The Man From Toronto Review

Plot: A case of mistaken identity arises after a screw-up sales consultant and the world’s deadliest assassin—known only as The Man from Toronto—run into each other at a holiday rental.

Review: Kevin Hart has found a successful formula with his projects regardless of genre, but it all depends on his co-star. Hart has shown amazing chemistry with Dwayne Johnson which has made all of their movies far more enjoyable than they would have been with a less charismatic actor. For his latest action-comedy, The Man From Toronto, Kevin Hart partners with Woody Harrelson as a mismatched pair caught in a web of murder for hire. While Harrelson is not the first actor you would have expected for a project like this, he and Hart play well off of each other and save what would have otherwise been a very mediocre movie. Chock full of action violence and some funny moments, The Man From Toronto has some bright spots but overall doesn’t bring that much that we haven’t seen before.

The Man From Toronto uses a standard plot device of mistaken identity that puts perennial loser Teddy Jackson (Kevin Hart) in the path of Woody Harrelson’s legendary assassin. Hart portrays Teddy as a man full of terrible ideas struggling to make ends meet and support his wife. With debt and tax liens against him, Teddy’s latest business idea for non-contact boxing fails but he still manages to take his wife on a birthday getaway where he is mistaken for The Man From Toronto. When the FBI swoops in, Teddy is forced to pretend to be The Man to prevent a terrorist attack on US soil. As he bumbles his way through, the real Man From Toronto arrives and reluctantly teams up with Teddy to complete the mission.

Running at just about two hours, The Man From Toronto relies very heavily on Kevin Hart’s trademark style which utilizes a lot of shouting and self-deprecating humor. Woody Harrelson, for his part, does a good job of playing the hardened killer who is equal parts John Wick and The Transporter. With his shaved head and mysterious backstory, The Man From Toronto features an interesting mythology that is enhanced by the various other killers from their own cities who pop up through the film. Ellen Barkin is also very cool as The Man’s Handler. Aside from an insubstantial supporting role from Kaley Cuoco, Hary and Harrelson are the biggest names in the film and are on screen so much that there isn’t much room to develop anyone else.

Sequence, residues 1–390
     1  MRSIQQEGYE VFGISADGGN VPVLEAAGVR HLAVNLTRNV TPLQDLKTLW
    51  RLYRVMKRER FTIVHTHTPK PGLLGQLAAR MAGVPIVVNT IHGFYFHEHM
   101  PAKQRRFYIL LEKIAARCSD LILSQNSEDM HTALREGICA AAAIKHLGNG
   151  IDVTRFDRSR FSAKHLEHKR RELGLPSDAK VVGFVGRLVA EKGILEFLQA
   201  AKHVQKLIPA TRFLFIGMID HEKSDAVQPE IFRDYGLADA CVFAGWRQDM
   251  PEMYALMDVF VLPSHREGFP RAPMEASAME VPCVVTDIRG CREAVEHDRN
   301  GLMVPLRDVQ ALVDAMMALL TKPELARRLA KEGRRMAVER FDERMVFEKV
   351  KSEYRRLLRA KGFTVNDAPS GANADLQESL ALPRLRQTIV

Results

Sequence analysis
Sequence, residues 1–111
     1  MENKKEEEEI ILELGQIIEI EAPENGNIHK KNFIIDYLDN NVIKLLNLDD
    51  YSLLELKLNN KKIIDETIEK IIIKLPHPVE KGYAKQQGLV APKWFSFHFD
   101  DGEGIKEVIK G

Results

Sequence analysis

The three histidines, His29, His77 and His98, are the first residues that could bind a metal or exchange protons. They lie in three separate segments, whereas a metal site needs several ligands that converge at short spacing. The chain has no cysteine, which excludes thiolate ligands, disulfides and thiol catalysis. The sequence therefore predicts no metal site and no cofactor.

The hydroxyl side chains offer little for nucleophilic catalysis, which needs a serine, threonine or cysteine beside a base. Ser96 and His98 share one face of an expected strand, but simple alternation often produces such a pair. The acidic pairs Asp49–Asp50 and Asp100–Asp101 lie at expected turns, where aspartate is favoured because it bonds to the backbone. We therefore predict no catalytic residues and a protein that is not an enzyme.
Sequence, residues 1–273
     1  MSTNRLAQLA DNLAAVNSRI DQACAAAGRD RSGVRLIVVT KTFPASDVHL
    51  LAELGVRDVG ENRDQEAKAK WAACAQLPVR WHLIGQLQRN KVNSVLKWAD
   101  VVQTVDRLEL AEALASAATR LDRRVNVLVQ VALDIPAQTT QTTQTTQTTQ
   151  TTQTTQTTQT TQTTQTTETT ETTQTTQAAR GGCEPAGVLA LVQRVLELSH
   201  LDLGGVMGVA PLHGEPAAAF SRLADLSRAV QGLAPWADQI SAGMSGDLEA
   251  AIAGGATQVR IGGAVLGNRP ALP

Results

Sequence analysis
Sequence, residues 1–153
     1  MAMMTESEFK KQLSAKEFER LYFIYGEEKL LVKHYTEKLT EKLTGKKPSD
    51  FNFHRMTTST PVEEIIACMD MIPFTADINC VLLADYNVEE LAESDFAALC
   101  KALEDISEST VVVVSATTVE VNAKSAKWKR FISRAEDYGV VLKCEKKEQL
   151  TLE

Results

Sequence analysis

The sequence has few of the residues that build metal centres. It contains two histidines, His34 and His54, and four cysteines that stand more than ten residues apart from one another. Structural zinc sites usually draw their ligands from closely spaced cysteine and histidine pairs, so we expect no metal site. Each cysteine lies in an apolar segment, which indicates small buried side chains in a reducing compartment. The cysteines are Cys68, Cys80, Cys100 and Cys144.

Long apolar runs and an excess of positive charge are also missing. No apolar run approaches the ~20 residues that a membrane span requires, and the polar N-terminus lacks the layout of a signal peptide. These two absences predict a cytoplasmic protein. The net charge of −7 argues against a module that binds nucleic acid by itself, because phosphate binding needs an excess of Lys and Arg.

Originally set to feature Jason Statham in the titular role, The Man From Toronto transitioned from a theatrical release through Sony to the current Netflix rollout. Watching the movie, it is easy to spot where this film could have gone with an R-rating rather than PG-13 had Statham gotten his way. The movie still pushes the envelope of the rating with some pretty gnarly kills and as much profanity as you can cram in without uttering more than one f-bomb. There are some substantial explosions and, for the most part, the movie looks big-screen worthy despite some very obvious uses of a green screen that could have used a little more fine-tuning. It also helps that director Patrick Hughes (The Hitman’s Bodyguard) does a solid job of framing hand-to-hand fight sequences.

Written by Robbie Fox and Chris Bremner, The Man From Toronto coasts by with a story that doesn’t really bring anything new that we haven’t seen before in countless other buddy flicks. As you would expect, there is something about The Man that proves he is not just a mindless killer while Teddy has promise to be more than just a loser with a successful and stunning spouse who puts up with his schtick. The story barely clings to any logical sense as the authorities put Teddy into harm’s way time after time before the movie careens towards the final action set-piece. The closing half-hour of the film is confusingly fun as it delivers an extended sequence that is one of the better fight scenes in recent memory before abruptly shifting to an inexplicable resolution that is not explained whatsoever. This is then followed by a credit sequence that doesn’t make much sense at all.

I had a decent time with The Man From Toronto and as a Netflix original film, it is far better than most of the dreck you could choose from. Had it been a theatrical release, the movie would have needed the edge that Jason Statham could have brought. As it is, Kevin Hart and Woody Harrelson have enough chemistry to make this one worth watching. Had this movie been scripted a bit better, it could have paved the way for an ongoing franchise about the title killer but ends up being a mediocre movie with some genuine laughs peppered throughout. There are several scenes that will end up as popular clips on YouTube, but that is about it. I like the action, I laughed a good amount, and I enjoyed my time with The Man From Toronto but I wish it had been just a little bit better than the forgettable movie it is.


About the Author

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Alex Maidy has been a editor, columnist, and critic since 2012. A Rotten Tomatoes-approved critic and a member of Chicago Indie Critics, Alex has been's primary TV critic and ran columns including Top Ten and The UnPopular Opinion. When not riling up fans with his hot takes, Alex is an avid reader and aspiring novelist.